It was a disastrous start for B Sai Praneeth as the experienced Indian went down without a fight against a lower-ranked player from Israel.
World No. 15 Sai Praneeth was expected to roll over Misha Zilberman but the veteran Israeli player notched up an upset 21-17, 21-15 win over the out-of-sorts Indian.
The opening men’s singles match of Group D was won by the World No. 47 Misha Zilberman with a fearless display of badminton for 42 minutes. This was their second meeting in 2021 with the first one taking place in round 32, at the 2021 Swiss Open where Sai Praneeth defeated Misha.
The shock defeat has all but closed Sai Praneeth's entry into the next round as he needed to top the group to qualify for the knock-out stage of the competition.
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1. Lack of match practice for Sai Praneeth has made him rusty
Due to the raging COVID-19 pandemic, Sai Praneeth did not get sufficient match practice prior to the big event. It showed when the 28-year-old shuttler was playing his first match at the Tokyo Olympics. Much was expected from India's only entrant in this year’s competition but Sai Praneeth crashed to a straight-game defeat.
Compared to other countries, Indians did not get any tournament in the domestic season for the last few months. During practice, Sai Praneeth played so many matches against his sparring partners but he had not experienced the feeling of the real tournament atmosphere for quite some time until today.
2. Nervous on Olympics debut
Since Sai Praneeth was making his debut in the Olympics, he was nervous and could not play freely. His natural free-flowing game was missing as he was carried away by the pressure of the Games. The supreme confidence, which he exudes in other tournaments, was missing from his kitty in Tokyo.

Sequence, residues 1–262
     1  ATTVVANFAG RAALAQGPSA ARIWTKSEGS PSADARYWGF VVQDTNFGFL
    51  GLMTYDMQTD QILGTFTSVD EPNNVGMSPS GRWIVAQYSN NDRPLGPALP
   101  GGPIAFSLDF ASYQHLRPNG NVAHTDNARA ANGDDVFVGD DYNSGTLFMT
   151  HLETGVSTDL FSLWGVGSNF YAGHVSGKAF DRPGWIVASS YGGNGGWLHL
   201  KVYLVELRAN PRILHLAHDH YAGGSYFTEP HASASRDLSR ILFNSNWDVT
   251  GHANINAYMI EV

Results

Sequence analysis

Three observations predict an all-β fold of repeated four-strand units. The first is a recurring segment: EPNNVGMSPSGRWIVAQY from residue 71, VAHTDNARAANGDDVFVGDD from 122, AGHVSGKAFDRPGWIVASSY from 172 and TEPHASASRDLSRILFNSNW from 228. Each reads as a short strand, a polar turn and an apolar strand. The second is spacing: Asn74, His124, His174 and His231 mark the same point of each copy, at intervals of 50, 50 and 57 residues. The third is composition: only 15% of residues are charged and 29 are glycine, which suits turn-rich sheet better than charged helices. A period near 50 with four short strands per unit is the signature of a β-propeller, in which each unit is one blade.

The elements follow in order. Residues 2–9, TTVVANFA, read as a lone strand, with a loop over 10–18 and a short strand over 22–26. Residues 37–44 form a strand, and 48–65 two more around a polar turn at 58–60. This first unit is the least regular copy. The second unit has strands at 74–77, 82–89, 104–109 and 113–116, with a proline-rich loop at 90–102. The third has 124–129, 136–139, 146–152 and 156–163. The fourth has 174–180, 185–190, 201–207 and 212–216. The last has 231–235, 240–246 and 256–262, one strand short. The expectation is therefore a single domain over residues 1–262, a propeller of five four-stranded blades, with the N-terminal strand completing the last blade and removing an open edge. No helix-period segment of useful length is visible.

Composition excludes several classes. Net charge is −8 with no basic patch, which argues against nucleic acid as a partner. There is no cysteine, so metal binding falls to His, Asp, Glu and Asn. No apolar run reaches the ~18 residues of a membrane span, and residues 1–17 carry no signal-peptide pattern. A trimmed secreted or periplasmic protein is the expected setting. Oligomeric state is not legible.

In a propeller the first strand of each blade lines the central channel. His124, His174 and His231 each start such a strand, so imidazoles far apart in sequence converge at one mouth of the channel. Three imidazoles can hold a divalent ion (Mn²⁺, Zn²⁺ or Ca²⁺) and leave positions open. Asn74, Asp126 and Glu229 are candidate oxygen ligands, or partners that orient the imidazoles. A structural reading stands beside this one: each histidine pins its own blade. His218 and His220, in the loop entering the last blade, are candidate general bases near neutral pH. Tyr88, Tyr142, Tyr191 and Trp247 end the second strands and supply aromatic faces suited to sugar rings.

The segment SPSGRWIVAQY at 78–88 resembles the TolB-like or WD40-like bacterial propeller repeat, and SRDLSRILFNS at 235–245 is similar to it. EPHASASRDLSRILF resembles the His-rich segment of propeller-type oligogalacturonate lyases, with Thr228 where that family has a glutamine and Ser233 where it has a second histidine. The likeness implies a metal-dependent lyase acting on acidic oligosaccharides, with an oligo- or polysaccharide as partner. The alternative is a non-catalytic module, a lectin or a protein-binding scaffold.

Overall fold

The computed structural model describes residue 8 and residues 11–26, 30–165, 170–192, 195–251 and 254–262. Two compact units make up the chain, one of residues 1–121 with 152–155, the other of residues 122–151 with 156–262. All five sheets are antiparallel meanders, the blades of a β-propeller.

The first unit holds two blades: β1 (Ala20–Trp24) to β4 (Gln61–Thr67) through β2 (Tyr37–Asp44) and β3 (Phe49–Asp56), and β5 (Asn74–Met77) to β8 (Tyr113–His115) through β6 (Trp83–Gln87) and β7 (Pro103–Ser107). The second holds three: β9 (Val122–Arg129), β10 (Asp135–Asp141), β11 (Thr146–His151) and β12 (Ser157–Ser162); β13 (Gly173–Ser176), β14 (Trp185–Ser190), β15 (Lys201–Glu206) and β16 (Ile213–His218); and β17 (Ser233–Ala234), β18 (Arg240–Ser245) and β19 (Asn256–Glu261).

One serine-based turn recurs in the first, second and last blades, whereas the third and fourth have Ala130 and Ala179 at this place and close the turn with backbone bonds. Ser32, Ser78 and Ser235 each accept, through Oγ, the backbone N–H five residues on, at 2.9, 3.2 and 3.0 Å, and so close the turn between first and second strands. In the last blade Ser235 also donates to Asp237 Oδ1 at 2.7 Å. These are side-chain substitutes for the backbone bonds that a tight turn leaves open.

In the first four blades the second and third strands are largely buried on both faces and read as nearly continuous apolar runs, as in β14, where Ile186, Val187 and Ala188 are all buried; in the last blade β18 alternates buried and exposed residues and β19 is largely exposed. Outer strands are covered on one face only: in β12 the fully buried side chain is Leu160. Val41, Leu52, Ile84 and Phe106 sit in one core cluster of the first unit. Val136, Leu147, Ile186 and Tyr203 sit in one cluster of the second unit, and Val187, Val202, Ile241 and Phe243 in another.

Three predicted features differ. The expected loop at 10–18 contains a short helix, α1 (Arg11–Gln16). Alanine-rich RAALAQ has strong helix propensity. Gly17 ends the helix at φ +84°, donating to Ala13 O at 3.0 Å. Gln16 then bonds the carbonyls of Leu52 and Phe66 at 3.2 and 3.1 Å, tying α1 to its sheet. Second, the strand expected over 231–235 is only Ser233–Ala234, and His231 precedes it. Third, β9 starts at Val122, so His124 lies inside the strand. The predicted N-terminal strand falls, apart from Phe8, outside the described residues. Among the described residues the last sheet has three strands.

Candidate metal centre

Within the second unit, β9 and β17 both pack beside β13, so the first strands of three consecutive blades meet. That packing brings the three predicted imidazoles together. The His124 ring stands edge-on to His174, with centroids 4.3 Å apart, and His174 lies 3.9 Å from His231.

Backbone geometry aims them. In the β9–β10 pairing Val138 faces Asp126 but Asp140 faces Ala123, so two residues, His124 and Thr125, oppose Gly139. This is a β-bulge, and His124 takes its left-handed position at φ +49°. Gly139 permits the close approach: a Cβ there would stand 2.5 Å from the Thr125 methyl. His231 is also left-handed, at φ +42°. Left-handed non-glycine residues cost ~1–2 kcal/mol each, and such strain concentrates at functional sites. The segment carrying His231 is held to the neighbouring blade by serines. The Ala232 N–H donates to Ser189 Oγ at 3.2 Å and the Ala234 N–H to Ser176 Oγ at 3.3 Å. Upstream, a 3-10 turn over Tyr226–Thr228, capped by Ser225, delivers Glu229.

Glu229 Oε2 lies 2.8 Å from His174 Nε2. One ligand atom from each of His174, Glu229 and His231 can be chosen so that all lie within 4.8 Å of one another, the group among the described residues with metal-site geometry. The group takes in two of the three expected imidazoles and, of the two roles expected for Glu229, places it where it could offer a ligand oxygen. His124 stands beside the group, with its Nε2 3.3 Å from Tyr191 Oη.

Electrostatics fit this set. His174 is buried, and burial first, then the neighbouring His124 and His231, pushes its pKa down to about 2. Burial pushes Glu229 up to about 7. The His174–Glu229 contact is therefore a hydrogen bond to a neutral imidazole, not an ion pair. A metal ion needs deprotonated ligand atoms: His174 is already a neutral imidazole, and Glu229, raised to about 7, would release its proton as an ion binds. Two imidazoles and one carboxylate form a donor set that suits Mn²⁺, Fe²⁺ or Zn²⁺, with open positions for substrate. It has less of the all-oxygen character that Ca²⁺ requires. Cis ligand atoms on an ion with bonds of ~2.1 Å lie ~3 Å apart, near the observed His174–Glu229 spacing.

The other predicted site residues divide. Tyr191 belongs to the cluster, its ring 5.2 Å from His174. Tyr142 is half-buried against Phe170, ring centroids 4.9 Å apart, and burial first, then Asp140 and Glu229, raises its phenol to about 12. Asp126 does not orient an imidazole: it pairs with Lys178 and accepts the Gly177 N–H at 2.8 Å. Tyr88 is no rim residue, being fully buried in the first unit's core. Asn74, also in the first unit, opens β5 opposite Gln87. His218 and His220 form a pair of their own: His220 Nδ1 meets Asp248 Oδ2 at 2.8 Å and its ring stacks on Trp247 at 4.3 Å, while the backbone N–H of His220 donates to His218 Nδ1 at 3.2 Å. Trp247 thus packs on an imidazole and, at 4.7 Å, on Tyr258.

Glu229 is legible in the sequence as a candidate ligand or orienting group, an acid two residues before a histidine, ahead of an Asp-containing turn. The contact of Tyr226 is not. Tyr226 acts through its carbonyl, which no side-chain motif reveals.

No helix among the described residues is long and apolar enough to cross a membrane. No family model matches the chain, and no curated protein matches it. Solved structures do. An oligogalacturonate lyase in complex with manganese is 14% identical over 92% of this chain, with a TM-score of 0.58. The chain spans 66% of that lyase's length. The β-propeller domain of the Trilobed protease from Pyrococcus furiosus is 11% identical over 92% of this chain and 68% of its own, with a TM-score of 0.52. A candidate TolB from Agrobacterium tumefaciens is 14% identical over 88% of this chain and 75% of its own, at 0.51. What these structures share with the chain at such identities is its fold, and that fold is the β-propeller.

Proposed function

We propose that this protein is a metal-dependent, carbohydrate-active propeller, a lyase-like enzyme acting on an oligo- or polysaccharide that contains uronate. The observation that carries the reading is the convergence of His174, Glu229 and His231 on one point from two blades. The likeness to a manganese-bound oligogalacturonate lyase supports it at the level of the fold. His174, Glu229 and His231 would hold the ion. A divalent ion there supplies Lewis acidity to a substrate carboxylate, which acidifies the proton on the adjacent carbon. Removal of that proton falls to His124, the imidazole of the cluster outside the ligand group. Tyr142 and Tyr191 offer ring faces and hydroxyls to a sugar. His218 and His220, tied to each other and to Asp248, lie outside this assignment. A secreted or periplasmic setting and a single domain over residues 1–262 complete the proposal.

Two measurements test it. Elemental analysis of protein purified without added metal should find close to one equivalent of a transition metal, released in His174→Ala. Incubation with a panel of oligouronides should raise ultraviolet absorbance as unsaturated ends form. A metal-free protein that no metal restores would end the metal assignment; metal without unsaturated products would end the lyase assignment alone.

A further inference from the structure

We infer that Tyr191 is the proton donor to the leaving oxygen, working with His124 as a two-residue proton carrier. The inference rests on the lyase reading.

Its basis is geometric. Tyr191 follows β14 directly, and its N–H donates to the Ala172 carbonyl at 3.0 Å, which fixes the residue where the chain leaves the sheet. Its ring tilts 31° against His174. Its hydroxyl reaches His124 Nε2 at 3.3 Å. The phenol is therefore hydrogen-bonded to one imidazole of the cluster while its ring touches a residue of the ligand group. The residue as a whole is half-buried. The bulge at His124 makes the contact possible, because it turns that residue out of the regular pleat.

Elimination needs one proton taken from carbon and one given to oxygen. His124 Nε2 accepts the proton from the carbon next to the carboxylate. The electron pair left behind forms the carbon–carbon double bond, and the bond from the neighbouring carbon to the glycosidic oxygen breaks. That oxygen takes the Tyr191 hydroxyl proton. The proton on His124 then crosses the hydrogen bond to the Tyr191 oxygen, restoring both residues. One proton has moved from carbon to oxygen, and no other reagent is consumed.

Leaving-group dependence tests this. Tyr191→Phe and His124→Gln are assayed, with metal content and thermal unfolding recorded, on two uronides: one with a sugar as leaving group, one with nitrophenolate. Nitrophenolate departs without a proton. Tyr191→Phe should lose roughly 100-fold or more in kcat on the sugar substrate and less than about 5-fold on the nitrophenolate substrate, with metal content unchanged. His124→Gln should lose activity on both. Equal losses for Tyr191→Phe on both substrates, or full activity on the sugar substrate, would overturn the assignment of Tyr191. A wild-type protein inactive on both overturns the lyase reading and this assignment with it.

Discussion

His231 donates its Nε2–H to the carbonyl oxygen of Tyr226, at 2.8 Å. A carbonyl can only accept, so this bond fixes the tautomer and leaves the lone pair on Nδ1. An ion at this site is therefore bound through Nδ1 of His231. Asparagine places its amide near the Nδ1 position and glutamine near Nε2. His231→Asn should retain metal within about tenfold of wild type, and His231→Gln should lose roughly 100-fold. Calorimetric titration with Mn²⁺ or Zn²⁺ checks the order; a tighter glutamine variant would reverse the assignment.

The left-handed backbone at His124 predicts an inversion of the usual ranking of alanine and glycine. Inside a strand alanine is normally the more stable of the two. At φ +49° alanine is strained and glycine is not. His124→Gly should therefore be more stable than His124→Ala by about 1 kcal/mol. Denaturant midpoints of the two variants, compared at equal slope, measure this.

Confidence played a major part in Sai Praneeth winning the bronze medal at the World Championship in 2019 at Basel. He tried to fight the nervousness but just could not get going at any point in the match. Former Singapore Open winner Sai Praneeth looked out of sorts and made some crucial errors in line judgements which didn’t help his cause.
3. Misha’s aggressiveness floors Sai Praneeth
Prior to the match, Misha was the underdog, with Sai Praneeth being the favorite to win the encounter. However, the tall Israeli shuttler turned the tables on his higher-ranked opponent to create the first upset of the competition on the inaugural day of the event.
The main reason for Sai Praneeth’s defeat was that he was floored by Misha’s aggressiveness. Misha, who is coached by his mother Svetlana, was aggressive from the word go and didn’t let Sai Praneeth settle into the match.
Misha, who competed for Israel at the 2012 London and 2016 Rio Olympics, and also represented Israel at the 2015 and 2019 European Games, stunned Sai with his inspiring display.
The former World No. 39 produced a brilliant game by mixing caution with aggression to perfection. Misha’s powerful smashes and deceiving drop shots proved too hot to handle for Sai Praneeth.
Sai Praneeth had a chance to level the game-score by claiming the second game but Misha did not take his foot off the pedal. Sai Praneeth initially led the second game 7-3 but Misha bounced back to make it 15-8 before closing the game 21-15.
Sai Praneeth will meet Mark Caljouw of Denmark for the second league match of the group. Sai Praneeth will have to win it in straight games and hope other results fall in his favor to make the cut for the knock-outs.
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